Young children like to smother a dog with kisses and hugs and from a dog’s perspective, this can look like a scary display of “in your face” dominance. If the dog sees this type of behavior as a threat, a warning snarl or bite can ensue. Adding to this misunderstanding between the species is the fact that children are at eye level to the dog and do not understand the importance of never staring a dog in the eye. Teach the child never to stare at the dog and do not allow the child to hug the dog until the pack order is set. Confining or cornering a dog is another invitation for disaster, especially when a toddler is doing this. Obedience training for the Greyhound is a must.

Training will help teach an inexperienced dog owner the best way to interact with a newly adopted greyhound and will reinforce how to continue training the dog when at home. Both child and dog require a knowledgeable adult to teach them the correct ways to interact with one another. Most important, obedience training helps bond the dog and the human.

One of the most important commands for a greyhound to learn is “stay.” More on that later.

Training the Child

Train your child as well as your dog. The child should learn to respect the dog’s space or bed. Teach your child not to approach the dog while he is lying down unless an adult gives the child permission. Pulling on the dog’s ears or harassing the dog should not be allowed. A dog will take only so much (even a Greyhound) and if an adult does not step in to stop such harassment, the dog will take matters into his own paws. In dog terms, taking matters into his own hands usually means walking away from the child, but, if pressed, it can mean a growl, snap, or bite. An adult should always intervene before things escalate to this point.

How do you know if your dog is reaching his limit? Closely observe the dog’s body language and actions. A stressed dog will pant, yawn, or lick the lips or nose, and he will often stare into space with glassy eyes. The body language will be stiff and still. A dog about to attack will have flattened ears; the tail will be held straight out; and the lips will start to pull back. The dog will tell you when enough is enough. Despite all the training you give your child, the responsibility rests upon parents and their vigilance in reading canine body language.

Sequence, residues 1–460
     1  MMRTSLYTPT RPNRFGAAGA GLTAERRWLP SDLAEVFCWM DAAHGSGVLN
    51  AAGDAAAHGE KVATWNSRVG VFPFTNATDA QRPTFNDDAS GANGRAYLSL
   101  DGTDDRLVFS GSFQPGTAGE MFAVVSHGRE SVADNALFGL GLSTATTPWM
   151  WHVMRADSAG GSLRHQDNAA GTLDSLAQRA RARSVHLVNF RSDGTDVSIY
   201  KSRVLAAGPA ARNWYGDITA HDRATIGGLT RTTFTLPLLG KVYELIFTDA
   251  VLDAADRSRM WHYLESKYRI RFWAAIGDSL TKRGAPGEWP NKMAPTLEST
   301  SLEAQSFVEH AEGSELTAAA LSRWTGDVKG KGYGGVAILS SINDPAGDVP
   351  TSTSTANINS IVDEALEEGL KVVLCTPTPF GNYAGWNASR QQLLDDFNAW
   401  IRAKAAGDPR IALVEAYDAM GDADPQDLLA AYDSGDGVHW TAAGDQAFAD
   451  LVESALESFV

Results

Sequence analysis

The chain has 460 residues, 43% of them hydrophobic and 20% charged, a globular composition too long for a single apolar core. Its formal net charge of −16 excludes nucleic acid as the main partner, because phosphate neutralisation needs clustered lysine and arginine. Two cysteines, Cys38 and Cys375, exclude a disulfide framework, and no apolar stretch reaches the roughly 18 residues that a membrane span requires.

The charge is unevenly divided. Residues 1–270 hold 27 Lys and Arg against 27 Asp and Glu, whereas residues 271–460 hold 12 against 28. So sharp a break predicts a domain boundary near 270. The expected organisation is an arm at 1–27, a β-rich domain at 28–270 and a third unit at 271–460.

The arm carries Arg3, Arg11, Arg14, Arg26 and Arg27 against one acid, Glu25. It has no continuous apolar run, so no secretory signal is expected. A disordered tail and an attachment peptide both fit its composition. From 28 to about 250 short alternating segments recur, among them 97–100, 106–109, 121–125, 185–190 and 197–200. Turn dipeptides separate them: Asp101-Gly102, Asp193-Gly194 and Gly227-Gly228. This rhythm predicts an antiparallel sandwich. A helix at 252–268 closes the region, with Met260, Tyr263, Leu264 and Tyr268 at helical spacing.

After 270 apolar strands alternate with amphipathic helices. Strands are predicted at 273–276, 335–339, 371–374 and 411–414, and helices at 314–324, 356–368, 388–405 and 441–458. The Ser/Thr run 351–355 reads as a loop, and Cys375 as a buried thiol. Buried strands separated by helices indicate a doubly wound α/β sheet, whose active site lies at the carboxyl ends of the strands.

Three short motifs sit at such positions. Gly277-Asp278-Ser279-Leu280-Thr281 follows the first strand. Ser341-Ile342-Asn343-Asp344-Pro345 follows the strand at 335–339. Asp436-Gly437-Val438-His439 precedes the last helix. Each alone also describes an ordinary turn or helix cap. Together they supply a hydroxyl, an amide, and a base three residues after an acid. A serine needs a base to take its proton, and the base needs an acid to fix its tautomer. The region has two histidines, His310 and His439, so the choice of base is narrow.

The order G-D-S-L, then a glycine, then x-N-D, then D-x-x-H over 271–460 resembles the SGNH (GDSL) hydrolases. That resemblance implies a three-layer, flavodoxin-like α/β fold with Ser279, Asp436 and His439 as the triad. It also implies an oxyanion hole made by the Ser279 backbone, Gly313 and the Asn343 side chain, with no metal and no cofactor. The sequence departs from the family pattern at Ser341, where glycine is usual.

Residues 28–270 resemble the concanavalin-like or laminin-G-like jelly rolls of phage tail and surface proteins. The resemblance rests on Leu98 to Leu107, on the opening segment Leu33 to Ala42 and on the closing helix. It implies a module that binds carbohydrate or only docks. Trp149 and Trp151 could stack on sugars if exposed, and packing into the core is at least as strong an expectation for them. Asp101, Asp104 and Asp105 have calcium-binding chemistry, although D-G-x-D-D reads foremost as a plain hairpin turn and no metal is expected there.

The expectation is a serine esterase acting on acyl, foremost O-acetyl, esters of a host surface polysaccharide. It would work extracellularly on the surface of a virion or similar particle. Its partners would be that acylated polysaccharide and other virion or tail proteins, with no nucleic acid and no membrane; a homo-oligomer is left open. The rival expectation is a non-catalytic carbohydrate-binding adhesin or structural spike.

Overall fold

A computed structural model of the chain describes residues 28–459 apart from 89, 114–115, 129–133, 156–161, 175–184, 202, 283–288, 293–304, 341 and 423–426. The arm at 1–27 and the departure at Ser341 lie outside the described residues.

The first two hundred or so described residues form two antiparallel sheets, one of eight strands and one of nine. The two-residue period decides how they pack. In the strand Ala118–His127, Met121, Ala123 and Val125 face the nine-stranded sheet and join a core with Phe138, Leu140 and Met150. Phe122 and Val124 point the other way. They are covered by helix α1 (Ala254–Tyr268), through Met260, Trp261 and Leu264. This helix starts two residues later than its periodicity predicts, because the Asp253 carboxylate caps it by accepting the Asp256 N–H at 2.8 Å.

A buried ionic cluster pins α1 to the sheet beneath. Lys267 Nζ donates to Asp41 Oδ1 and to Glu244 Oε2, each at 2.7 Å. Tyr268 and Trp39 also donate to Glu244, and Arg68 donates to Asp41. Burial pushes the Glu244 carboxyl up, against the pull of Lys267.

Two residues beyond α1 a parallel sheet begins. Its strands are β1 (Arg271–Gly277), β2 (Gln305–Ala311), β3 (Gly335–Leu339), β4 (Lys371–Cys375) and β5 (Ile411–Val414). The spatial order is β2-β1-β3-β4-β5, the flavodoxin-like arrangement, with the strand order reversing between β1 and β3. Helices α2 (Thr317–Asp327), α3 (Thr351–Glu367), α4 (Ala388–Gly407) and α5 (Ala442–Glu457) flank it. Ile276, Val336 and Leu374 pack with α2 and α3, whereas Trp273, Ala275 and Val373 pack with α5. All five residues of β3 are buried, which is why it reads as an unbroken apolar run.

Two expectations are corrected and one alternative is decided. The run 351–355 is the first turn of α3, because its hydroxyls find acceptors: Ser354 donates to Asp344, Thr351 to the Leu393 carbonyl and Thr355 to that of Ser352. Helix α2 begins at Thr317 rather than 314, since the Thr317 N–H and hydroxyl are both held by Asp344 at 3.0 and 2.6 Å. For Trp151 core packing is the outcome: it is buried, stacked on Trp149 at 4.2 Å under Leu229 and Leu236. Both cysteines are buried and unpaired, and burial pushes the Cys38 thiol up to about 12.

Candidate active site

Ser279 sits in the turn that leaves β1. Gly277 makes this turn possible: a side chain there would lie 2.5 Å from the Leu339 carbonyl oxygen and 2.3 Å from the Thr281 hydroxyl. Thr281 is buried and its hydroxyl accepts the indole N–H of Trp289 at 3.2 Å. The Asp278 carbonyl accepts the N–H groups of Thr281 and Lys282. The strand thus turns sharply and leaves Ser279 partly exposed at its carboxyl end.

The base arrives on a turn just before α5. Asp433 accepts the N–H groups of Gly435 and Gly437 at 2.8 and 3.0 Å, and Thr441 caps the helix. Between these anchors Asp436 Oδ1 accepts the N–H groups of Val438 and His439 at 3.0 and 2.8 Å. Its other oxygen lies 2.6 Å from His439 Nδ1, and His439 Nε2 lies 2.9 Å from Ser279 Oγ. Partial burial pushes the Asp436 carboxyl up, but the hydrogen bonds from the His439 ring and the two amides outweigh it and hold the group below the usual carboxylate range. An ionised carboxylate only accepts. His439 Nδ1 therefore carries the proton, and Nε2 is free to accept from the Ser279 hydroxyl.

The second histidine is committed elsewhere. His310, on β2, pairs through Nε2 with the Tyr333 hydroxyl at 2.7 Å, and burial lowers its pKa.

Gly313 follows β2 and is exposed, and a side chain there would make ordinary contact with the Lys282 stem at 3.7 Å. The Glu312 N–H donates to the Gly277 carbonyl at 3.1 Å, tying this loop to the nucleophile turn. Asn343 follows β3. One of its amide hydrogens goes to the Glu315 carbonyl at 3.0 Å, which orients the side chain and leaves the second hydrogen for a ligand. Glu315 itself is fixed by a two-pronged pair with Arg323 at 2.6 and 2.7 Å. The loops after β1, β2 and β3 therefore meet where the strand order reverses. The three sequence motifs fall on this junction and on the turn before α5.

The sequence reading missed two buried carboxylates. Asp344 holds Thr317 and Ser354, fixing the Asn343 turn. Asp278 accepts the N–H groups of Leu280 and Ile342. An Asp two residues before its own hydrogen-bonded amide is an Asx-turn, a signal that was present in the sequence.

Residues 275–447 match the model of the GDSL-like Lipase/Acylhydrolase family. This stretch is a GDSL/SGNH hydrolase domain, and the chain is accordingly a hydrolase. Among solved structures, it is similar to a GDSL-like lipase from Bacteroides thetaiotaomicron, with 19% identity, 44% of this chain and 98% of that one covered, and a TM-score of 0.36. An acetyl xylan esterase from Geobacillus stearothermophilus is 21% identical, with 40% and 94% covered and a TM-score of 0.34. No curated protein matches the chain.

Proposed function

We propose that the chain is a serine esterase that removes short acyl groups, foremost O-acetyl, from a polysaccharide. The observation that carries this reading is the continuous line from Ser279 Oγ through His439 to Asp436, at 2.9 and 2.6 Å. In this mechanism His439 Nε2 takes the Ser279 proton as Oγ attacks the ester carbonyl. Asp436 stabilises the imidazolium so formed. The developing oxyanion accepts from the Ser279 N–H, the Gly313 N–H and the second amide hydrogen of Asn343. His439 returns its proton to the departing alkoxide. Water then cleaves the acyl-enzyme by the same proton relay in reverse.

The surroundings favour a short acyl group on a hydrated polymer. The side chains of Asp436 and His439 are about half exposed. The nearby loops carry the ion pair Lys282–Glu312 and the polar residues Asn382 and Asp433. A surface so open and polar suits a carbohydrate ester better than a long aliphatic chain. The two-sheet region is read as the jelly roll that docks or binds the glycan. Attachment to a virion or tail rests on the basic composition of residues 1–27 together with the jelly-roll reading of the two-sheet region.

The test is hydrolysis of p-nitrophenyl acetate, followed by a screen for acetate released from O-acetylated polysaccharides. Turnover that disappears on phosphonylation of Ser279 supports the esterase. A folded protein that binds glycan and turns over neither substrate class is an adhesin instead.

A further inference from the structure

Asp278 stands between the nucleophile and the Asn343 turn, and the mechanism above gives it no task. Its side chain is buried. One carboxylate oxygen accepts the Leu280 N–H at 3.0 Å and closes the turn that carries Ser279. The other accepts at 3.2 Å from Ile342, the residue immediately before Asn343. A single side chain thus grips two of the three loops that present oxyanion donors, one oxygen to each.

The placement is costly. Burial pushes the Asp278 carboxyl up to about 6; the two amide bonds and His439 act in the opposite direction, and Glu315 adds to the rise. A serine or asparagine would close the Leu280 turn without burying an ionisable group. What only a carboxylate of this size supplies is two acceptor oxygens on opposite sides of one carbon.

Between Four and Seven Years of Age

For children between four and seven years of age, the same basic rules apply; only now the child is mobile and old enough to understand some concepts and participate in caring for the dog.

You still want to monitor the dog and the child’s interaction. Please do not let them sleep together in the same bed. This can confuse the dog, who may begin to consider the child as a littermate. Dogs have every right to discipline a littermate.

Even a four-year-old is capable of feeding the dog breakfast and dinner that an adult has prepared, as well as giving all treats that the dog will get throughout the day. An adult must monitor these sessions and restrain the dog until the child has set the bowl down and given the dog the “release” or “break” command. Being the giver of food helps reinforce that the child is above the dog in the pack order.

The parent should physically move the dog off any spot that the child wants. The dog mustn’t be allowed to push the child out of the way. The dog must learn to wait until the child goes in or out of doors (or the car or the yard) before he can enter. Be especially sure to teach the child that the dog can and will bolt out of any open doorway, as children are the likely culprits when a dog escapes the home through an open door. The child must learn to use the “stay” command as much as the Greyhound must learn it to obey it.

Teach the dog a command (sit, down, or stay) and this will be the way the child begins to control the dog and takes a higher pack position. The child will issue the command before meals and treats, or randomly throughout the day.

Can a Child Walk a Greyhound?

No. Please do not let a child walk a greyhound, or even hold a leashed hound all alone (no matter how much begging). On the Greyhound-l email list, a couple of bored physicists figured out that when a greyhound takes off at a dead run, chasing after something of interest, he exerts 228 pounds of pressure on the leash as well as the arm. One way to allow children the pleasure of walking your greyhound is to attach a second leash that you, the adult, hold onto.

Ease the Transition with Understanding

Bringing a new child or a new dog into the home is both wonderful and stressful for all family members. Just as you will be stressed and sleepless, so may the dog. Understanding and preparing for this will help ease the transition and build a solid foundation for one big happy family.

Resources:

Childproofing Your Dog, by Brian Kilcommons

Culture Clash, by Jean Donaldson

ALPHAbetize Yourself, How To Help Your Dog Regard You As Leader! Pamphlet by Terry Ryan

Editor’s Note: We use the masculine gender for simplicity when referring to our canine companions; we love our girls just as much.

CG  SU 99

ALL RIGHTS RESERVED This article and any photos or artwork contained within may not be reproduced or reprinted without express written permission from the author, artists, and/or photographers. 


Discussion

2 thoughts on “All in the Family: Kids, Dogs, and Keeping the Peace!

  1. I am grateful for the collecting of greyhound articles this grouop has gotten together.

    Posted by Seth Lawrence | April 7, 2010, 3:20 PM
  2. That’s right–Greyhounds are beautiful and friendly–but are dogs. They like older people more than young kids–they should be fine with anyone over 10.

    Posted by Eric Hasselwander | March 1, 2010, 9:35 PM